January 14, 2023

I just watched and would highly recommend the new film Argentina, 1985.  The film relates the Trial of the Juntas, where Argentinian military leaders were tried by a civilian court.  The trial dealt with human rights crimes that took place between 1976 and 1983. Yesterday Democracy Now hosted an interview with the movie’s director, Santiago Mitre.

Another good (but disturbing) film is Welcome to Chechnya. It is a documentary on the ongoing human rights abuses in Chechnya of LGBTQ people

One doesn’t have to see films like these to recognize that evil exists.  Evil exists everywhere.  However, watching these movies got me thinking even more deeply about what humans are capable of doing to other humans.  I’ve been thinking of humans who have no ethics, or those who lack empathy or remorse.

When discussing psychopaths, the nature vs. nurture argument often comes up.  Modern science seems to conclude that both nature and nurture can contribute to this type of personality.  I hope it’s at least part “nurture.”  That means, anti-social behavior can at times be prevented.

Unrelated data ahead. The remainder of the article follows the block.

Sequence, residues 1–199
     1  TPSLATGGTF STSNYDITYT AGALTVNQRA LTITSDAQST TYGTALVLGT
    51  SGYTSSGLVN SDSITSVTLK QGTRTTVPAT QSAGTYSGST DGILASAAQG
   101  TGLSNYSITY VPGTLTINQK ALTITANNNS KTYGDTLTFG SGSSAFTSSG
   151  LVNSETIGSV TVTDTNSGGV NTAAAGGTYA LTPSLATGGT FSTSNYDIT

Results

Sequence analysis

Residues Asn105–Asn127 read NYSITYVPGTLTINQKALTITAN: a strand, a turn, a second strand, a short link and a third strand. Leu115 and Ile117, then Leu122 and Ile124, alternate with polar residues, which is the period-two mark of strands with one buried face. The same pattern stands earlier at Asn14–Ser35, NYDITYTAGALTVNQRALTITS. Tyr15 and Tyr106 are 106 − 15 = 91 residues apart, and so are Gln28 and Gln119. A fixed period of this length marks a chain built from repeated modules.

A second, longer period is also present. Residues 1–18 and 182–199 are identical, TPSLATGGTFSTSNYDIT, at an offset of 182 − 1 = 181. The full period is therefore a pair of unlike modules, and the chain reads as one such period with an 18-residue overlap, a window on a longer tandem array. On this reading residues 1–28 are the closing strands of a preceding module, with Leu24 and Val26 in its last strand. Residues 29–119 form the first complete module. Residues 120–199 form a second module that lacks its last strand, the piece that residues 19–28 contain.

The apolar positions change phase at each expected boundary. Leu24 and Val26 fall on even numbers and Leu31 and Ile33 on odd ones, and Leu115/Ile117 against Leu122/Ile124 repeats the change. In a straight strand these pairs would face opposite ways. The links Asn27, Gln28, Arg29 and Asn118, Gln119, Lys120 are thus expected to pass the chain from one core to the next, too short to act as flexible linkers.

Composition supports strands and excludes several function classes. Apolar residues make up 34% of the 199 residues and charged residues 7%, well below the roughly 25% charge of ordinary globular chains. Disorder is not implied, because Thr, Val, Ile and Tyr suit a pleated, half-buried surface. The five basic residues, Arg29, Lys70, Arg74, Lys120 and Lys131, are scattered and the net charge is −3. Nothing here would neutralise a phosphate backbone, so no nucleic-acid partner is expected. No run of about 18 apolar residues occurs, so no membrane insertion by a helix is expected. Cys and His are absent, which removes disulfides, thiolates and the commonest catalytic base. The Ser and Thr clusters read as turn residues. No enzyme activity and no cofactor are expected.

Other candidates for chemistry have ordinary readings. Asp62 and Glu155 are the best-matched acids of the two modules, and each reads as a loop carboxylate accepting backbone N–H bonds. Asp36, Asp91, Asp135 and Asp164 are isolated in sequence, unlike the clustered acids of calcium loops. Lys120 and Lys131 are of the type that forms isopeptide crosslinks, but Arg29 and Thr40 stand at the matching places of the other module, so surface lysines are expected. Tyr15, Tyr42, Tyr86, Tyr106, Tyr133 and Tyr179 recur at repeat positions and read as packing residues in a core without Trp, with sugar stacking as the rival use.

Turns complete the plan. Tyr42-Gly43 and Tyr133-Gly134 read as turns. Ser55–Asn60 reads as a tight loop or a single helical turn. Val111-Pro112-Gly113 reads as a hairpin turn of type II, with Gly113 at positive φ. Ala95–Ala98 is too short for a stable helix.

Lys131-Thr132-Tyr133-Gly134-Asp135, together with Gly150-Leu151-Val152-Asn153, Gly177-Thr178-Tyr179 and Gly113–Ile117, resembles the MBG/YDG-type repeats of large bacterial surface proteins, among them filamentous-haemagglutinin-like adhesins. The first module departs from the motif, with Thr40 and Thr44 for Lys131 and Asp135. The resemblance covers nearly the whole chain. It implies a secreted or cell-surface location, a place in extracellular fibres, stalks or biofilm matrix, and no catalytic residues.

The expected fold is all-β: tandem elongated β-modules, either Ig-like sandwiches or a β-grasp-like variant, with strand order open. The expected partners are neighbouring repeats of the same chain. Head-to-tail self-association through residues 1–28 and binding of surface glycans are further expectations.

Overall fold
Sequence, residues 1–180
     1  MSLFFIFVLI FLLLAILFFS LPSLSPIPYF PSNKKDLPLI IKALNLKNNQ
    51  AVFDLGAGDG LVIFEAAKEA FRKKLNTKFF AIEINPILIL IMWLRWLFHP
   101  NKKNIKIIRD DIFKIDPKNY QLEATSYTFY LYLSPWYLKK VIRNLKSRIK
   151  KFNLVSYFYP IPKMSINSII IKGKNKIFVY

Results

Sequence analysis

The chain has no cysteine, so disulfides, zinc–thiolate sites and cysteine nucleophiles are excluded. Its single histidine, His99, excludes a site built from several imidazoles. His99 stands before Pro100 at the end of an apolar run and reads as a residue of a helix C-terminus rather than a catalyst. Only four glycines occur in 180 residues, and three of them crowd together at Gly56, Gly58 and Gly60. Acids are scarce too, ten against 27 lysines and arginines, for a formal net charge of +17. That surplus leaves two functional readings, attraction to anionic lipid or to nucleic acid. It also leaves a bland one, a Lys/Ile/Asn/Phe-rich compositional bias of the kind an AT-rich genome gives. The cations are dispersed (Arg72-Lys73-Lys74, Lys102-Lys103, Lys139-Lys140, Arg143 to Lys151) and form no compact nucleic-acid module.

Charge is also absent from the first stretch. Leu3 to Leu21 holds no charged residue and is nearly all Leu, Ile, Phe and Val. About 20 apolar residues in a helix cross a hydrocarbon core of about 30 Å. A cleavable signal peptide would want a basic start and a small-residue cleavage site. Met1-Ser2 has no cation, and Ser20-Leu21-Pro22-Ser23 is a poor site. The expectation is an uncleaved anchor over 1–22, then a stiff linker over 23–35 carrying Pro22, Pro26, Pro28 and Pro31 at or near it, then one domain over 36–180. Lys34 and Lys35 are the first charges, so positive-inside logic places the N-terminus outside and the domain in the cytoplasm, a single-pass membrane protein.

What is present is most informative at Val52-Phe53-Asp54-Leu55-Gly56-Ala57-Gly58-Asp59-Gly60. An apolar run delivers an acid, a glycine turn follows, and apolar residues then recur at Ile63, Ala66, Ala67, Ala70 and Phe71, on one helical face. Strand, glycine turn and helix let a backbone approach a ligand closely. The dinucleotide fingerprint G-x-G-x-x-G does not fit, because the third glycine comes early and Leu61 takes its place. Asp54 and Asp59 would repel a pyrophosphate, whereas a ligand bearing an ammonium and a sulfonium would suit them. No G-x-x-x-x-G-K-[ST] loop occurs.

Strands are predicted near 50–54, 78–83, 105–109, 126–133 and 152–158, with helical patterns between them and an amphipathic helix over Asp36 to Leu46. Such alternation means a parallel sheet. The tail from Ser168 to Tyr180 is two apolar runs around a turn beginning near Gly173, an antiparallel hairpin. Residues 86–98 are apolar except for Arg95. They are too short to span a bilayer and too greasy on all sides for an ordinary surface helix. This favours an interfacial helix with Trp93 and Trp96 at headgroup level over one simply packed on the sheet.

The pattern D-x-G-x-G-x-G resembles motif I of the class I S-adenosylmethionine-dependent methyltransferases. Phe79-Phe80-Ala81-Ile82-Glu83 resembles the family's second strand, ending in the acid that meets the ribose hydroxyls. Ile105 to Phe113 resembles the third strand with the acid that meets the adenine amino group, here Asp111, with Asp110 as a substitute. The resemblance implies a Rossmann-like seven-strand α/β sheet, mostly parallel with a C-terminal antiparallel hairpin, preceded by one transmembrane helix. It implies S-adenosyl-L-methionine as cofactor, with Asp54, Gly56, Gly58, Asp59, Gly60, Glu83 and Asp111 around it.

But I don’t think the “nature” perspective has been adequately explored.  I recently watched this fascinating video by The Moth: Confessions of a Pro-Social Psychopath.  In it, the speaker James Fallon, discusses how specific brain wave patterns have been found among identified psychopaths.  Fallon, a scientist, was astounded when he found his own brain showed similar brain wave patterns.  He began questioning others about his own behavior and he concluded that he was a pro-social psychopath.

A pro-social psychopath is someone with a neurologically impaired lack of conscience or empathy (like so many of our politicians).  Unlike their anti-social counterpart, pro-social psychopaths can function within the limits and rules of society.  In fact, they may even do things to benefit society as Fallon did as a researcher.  However, their psychopathy can still be harmful to others and show up in a variety of ways.

I wonder about tools such as brain waves.  Could these possibly be diagnostic tools that might be used to diagnose and perchance treat?  Or if not treat, contain? 

Published by susancasslangmailcom

Susan Casslan is a writer and a nurse. Her writing touches on spirituality and issues pertaining to social justice. Casslan lived for a decade in the San Francisco Inner Mission District, and she was greatly inspired by the Latinx culture of that neighborhood. The Inner Mission emerges in her books Conversations with Richard Purcell: The Adventures and Reflections of a Renegade San Francisco Priest and That Which Wavers with the Night, as well as in her chapbook 24th Street and Other Poems. Additionally, Casslan’s nonfiction articles have appeared in El Tecolote, an Inner Mission newspaper.

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